Does Solving the China Trade Problem Not Involve Beijing?

Does Solving the China Trade Problem Not Involve Beijing?

Why design a solution around the most bothersome part of your operations?


What are we to make of U.S. Trade Representative Katherine Tai’s October 4 speech on U.S.-China trade relations? Tai called for a “new approach” to the trade relationship but promises to continue key elements of Donald Trump’s policies, maintaining both the tariffs and the purchase requirements he imposed. Tai also brought attention to China’s industrial policy, a regular theme of Trump’s, and appeared to differ with Trump mainly in allowing for some tariff exclusions and in promising to work with other trading partners.

The approach Trump, and now Joe Biden, appear to be taking is that trade policy is primarily an exercise in which the U.S. focuses on the greatest impediments to trade. This is opposed to seeing trade as a focus on opportunities. We can see the difference in these two approaches if we consider trade as a restaurant management problem.


Think of a business exercise in which you are responsible for managing ten restaurants in a city, and each restaurant attains break-even if it can reach $1 million in annual sales. Let’s say nine of the ten restaurants you manage exceed that amount, but one is only generating $800,000 in sales. What do you do?

For most of us, the answer would be to devote extra management focus, advertising, and other resources to the lagging restaurant. Find out why it is underperforming and fix what is broken. Let’s assume this is what takes place and revenue in the lagging restaurant gets up to $1 million. Problem solved, right?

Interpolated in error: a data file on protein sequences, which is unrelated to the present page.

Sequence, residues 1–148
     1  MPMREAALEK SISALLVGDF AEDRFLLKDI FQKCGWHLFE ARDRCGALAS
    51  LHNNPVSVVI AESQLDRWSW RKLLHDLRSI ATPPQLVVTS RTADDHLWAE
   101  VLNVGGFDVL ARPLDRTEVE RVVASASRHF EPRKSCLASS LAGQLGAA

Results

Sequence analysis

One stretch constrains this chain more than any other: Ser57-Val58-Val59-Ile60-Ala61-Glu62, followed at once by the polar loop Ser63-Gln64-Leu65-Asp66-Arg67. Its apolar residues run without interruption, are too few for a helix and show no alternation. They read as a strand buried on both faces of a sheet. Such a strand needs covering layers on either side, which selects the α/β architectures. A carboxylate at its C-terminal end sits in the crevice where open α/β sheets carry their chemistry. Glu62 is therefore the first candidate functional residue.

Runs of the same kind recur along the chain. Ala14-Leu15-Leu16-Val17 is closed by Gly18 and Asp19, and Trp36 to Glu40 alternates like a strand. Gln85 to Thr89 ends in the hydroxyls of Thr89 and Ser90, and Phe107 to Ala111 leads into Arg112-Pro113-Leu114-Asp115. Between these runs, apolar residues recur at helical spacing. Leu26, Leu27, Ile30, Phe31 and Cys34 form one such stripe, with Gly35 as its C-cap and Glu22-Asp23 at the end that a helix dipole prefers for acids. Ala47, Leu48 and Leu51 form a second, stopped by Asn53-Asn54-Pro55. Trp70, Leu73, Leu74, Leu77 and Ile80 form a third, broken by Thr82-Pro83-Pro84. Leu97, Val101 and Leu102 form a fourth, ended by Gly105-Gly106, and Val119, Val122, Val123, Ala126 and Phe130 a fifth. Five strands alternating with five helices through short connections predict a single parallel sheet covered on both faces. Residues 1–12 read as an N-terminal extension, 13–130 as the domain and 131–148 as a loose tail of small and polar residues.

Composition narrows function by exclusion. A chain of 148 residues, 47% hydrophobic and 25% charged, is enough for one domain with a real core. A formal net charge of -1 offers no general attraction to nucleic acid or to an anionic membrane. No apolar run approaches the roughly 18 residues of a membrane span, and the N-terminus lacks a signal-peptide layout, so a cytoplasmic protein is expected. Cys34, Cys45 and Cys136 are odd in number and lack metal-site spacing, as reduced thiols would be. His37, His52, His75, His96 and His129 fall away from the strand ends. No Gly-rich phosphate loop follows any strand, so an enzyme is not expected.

Yet the premise of the problem is restaurant management. It was never stipulated that the exercise was about making all the restaurants break even. That was assumed by the reader. When you were told there was a deficit, you allowed that fact to define the problem. What if the goal of the restaurant problem were to create more jobs or more sales—in other words, to maximize economic welfare?

What if those extra resources had instead been applied to one of the successful restaurants, and the revenue in this alternative restaurant went from $1 to $1.5 million. Revenue for the entire group of ten would go up by $500,000, and employment goes up commensurately, but the one lagging restaurant would still be at $800,000.

Why design a solution around the most bothersome part of your operations? Because that bothersome part has a hold on our imagination. We are sensitive to problems when we should be sensitive to opportunity. And to be fair, there are all sorts of public policy exercises where we need to focus on the lagging element—think of a struggling student, for example.

We can see the restaurant problem in relation to trade policy. The United States has many trading partners, but of the major ones, only China is chronically challenging. It has higher tariffs than global norms, it blocks some sectors from competition, and it provides weaker intellectual property protection. So, let’s put our resources against the malfeasant party, right?

Or maybe the United States would be better off improving trade issues with other nations, which would not only deliver better economic outcomes for the United States but also increase the cost to China of its recalcitrance.

For example, the Peterson Institute for International Economics tells us that the United States would add $131 billion to its exports if it joined the Trans-Pacific Partnership—more than the United States received from its “Phase One” agreement with China. Maybe a useful tactic in dealing with China trade issues would be to take the spotlight off of China.

More broadly, one of the challenges in policy formulation is not necessarily ideological, but one of tactics or approach. Human nature can seduce us to define a course of action only in terms of the problem and not in terms of the best solution. Trump’s China failure should remind us that as a management construct, we are better not designing a policy based on what annoys us the most. 

Both Biden and Trump assembled a team of strong trade professionals. However, Trump’s team were all prisoners of the problem. Let’s hope Biden can pursue trade initiatives independent of China, the better for the U.S. economy and a better way to attach a cost to China’s bad behavior as well. The U.S. economy will suffer if Biden follows Trump and spends four years in the unprofitable restaurant.

Frank Lavin is the former Undersecretary for International Trade at the U.S. Department of Commerce. He is currently the CEO of Export Now, which runs e-commerce stores in China for U.S. brands.